Moderator: Dr Kathrin Pabst, Chair of IC-Ethics

Panelists: Neringa Latvytė (University of Vilnius, Lithuania), Urơka Purg (National Museum of Contemporary History, Slovenia) and Ivalo Olsvig (The House of Knud Rasmussen, Denmark).

Note: All panelists are part of the same international cooperation project, “Identity on the Line”, and will relate in their presentations to this.
Please see for more information.

Register in advance for this meeting:

After registering, you will receive a confirmation email containing information about joining the meeting.


Neringa Latvytė

Photo: Giedrė Tylaitė

Neringa Latvyte is a historian by training, researcher and author of a few books on the Holocaust in Lithuania. She is working on her PhD on the communication of the Holocaust memorial sites at the Faculty of Communication, Vilnius University where she is a lecturer of communication of traumatic memory and cultural heritage as well. She has published several articles on the memorialization of traumatic past in Lithuania. Her current research combines practical and theoretical challenges on transmission of traumatic unspoken memories.

Within I-ON, she is a national coordinator for the Lithuanian partner, who deals with the stories of wounded silent past and unspoken memories of women who survived the Second World War. The focus is to analyse the effect of traumatic events of the Holocaust survivors and how their trauma is generational transmitted.

UrĆĄka Purg

Photo: National Museum for Contemporary History, Slovenia

UrĆĄka Purg is an ethnologist and cultural anthropologist and museum counsellor in the National Museum of Contemporary History. Nearly a decade ago, she found herself having a knack for museology in all its forms, and the contextualisation of museums on the national and international level. Since then, she has been passionately working on participatory museology projects tackling the topic of inclusive museums. Having also a degree in social pedagogy contributes a great deal to the challenges she is facing.

Within I-ON, she is a national coordinator for the Slovenian partner, who is focusing on the stories of those who migrated to Slovenia from the federal republics of ex-Yugoslavia after the Second World War, their children and grandchildren and how they perceive their identity. The focus is on inclusively presenting the stories of sense of belonging, reasons for moving and who we are; switching from ‘making the exhibition about’, to ‘making an exhibition with the storytellers’.

Ivalo Katrine Birthe Foget Olsvig

Photo: The House of Knud Rasmussen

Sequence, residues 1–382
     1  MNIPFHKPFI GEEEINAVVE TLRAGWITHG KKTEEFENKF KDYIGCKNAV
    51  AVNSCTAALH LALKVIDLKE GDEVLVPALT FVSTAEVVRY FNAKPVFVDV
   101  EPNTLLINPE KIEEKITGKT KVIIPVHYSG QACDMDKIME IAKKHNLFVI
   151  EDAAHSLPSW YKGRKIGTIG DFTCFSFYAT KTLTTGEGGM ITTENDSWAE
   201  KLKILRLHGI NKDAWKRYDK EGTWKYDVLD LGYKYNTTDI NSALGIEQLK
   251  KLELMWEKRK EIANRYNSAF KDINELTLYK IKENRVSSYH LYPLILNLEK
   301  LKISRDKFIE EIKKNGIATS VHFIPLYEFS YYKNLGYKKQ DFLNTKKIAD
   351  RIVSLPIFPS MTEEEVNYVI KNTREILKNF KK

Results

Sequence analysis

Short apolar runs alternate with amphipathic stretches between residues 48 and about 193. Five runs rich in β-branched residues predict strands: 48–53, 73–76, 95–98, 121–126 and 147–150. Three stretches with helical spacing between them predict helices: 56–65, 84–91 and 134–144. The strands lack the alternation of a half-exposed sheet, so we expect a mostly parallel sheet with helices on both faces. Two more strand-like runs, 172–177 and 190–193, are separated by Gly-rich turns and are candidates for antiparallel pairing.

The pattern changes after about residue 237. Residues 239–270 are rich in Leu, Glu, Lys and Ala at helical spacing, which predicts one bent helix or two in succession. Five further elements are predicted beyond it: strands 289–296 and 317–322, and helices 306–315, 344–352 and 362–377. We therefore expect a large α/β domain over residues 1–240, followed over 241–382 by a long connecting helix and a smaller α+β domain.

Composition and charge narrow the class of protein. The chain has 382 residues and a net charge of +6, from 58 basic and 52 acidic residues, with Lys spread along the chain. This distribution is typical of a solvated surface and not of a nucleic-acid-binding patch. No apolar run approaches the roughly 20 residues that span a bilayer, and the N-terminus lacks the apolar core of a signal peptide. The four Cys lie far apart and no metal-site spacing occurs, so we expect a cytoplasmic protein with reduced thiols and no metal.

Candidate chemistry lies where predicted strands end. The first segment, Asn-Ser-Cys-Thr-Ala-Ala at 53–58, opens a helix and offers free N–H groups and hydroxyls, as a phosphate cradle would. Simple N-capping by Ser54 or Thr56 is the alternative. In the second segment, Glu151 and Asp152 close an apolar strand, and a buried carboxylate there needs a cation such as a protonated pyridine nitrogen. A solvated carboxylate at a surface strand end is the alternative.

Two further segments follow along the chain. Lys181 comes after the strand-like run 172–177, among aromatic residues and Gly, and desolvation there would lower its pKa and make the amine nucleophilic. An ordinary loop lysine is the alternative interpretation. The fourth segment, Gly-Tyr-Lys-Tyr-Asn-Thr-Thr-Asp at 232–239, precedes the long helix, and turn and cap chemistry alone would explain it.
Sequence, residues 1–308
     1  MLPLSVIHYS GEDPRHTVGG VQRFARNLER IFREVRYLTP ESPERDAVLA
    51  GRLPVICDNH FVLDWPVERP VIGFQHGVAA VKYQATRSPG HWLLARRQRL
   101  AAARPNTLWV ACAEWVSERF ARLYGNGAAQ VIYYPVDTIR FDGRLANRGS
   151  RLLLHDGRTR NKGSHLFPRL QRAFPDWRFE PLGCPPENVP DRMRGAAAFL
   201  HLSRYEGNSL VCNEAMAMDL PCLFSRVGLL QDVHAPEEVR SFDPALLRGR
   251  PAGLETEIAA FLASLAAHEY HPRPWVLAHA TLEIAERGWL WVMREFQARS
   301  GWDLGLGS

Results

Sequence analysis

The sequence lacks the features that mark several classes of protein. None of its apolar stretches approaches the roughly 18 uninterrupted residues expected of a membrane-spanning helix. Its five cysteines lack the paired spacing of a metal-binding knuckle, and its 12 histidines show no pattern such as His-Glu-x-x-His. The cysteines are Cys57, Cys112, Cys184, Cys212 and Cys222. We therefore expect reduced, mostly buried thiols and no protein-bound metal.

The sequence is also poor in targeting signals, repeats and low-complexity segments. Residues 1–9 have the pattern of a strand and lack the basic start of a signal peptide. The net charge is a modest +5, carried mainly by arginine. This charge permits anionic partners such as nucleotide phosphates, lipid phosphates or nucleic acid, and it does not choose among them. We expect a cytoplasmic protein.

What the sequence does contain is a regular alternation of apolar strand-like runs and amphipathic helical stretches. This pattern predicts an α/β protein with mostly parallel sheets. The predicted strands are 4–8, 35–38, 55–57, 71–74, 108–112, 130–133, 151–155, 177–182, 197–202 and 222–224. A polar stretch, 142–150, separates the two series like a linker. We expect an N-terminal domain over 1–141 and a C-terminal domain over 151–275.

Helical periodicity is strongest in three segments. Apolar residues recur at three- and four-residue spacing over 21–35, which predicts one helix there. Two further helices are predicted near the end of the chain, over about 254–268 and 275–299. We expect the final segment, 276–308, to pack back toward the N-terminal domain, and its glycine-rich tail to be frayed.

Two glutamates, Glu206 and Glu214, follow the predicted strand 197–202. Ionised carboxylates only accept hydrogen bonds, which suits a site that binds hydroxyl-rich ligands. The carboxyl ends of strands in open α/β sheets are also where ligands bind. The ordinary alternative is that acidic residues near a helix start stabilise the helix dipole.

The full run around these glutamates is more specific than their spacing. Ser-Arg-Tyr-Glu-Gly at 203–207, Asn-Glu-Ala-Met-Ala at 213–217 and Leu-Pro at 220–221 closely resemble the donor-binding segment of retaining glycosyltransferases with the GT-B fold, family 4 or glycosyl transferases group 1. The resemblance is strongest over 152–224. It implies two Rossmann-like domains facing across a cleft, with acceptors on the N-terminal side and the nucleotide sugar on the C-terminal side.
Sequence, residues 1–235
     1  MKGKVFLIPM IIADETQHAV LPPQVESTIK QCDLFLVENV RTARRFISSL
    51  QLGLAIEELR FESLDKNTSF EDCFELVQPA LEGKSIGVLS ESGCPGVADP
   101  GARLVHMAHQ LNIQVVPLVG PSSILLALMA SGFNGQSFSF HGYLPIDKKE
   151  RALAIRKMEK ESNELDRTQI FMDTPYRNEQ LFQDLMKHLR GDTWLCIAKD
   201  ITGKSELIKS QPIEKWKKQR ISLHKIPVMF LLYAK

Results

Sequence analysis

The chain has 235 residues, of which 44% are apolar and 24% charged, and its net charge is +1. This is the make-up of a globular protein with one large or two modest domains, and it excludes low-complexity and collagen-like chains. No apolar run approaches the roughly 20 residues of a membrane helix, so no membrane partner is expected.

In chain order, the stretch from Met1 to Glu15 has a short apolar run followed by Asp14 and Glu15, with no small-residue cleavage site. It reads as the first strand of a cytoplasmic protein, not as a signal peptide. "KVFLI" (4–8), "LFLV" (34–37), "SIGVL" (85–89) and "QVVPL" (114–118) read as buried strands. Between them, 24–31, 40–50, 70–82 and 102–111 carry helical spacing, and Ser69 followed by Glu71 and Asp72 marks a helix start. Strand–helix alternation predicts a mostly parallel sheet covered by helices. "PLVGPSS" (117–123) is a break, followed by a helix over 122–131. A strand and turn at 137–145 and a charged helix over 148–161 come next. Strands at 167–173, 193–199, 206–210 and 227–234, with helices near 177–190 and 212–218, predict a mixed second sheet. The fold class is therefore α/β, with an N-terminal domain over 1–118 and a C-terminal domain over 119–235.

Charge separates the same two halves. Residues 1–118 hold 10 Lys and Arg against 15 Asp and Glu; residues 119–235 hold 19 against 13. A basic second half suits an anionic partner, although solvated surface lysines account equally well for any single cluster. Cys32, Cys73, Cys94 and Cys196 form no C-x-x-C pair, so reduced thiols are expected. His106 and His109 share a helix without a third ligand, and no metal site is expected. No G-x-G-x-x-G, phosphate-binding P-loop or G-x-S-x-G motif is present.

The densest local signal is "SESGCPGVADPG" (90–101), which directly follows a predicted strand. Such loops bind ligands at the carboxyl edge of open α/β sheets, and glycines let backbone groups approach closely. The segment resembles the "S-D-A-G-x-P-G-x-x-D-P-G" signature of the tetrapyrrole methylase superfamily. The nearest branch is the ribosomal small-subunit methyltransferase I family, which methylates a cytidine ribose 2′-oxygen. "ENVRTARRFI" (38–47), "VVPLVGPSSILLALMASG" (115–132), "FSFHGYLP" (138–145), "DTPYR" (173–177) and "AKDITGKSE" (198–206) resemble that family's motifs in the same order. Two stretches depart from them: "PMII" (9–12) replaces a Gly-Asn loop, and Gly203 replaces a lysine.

Museum Curator at The House of Knud Rasmussen. Ivalo Olsvig holds a Master of Arts (MA) in Greenlandic & Arctic Studies with specialization in Museology from The University of Copenhagen. Ivalo Olsvig is employed on the EU project ‘Identity on the Line’, supported by the EU-program ‘Creative Europe’. She will help to uncover issues of identity, identity creation and migration among Greenlanders living in Denmark and the experiences and encounters that two cultures can cause. Ivalo was previously employed at The National Museum of Denmark, The Brumleby Museum and The Natural History Museum of Denmark. In addition, Ivalo Olsvig is on the support committee in Denmark for The Greenland Christmas Seal, and SoMe-manager for ICOM Ethics.


Dear IC Ethics members – please provide your input now!
What do YOU think a new Museum Definition should contain –
and is anything missing in ICOMs Code of Ethics?

Until the 11th of April 2021, all National and International Committees as well as Regional Alliances and Affiliated Organisations of ICOM are asked to connect with their members to collect contributions to ICOMs new museum definition & a possible review of the Code of Ethics. Both processes are essential for the ICOM Community, and they will go hand-in-hand.

We hereby invite you to share your thoughts, wishes and insights by 

  • Give your input directly by joining us for a Meeting Room Event on
    Thursday, 4th of March at 08:00 PST//10:00 CST//11:00 EST//17:00 CET.

Please register here:

Here, you will find more information on


  • ICOM member space: scroll down on your dashboard, click thumbnail ‘Take part in the new definition of the museum!’
  • Youtube channel IC Ethics: Towards a new Museum Definition with Lauran Bonilla-Merchav, Co-Chair of ICOM Define:


  • Youtube channel IC Ethics: Towards a possible review of ICOMs Code of Ethics with Sally Yerkovich, Chair of ETHCOM:

Publics marginalisĂ©s et institutions culturelles : prĂ©sence, influence et participation

Friday, 26th of March 2021
09 PST – 11 CST – 12 EST – 18 CET